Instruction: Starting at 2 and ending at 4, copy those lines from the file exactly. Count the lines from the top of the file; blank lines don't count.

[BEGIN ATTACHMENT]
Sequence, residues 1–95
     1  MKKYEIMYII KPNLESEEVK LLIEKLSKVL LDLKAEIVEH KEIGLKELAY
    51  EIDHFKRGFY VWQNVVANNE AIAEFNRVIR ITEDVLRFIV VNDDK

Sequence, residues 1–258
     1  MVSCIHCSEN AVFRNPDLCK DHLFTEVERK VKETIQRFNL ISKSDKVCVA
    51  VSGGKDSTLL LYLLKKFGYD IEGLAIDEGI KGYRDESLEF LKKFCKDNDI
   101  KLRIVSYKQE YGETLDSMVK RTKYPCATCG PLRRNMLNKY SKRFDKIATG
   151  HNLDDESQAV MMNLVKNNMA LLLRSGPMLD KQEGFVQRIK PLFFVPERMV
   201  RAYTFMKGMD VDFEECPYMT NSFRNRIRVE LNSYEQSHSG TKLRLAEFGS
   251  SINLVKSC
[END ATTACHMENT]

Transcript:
     1  MKKYEIMYII KPNLESEEVK LLIEKLSKVL LDLKAEIVEH KEIGLKELAY
    51  EIDHFKRGFY VWQNVVANNE AIAEFNRVIR ITEDVLRFIV VNDDK

Sequence, residues 1–258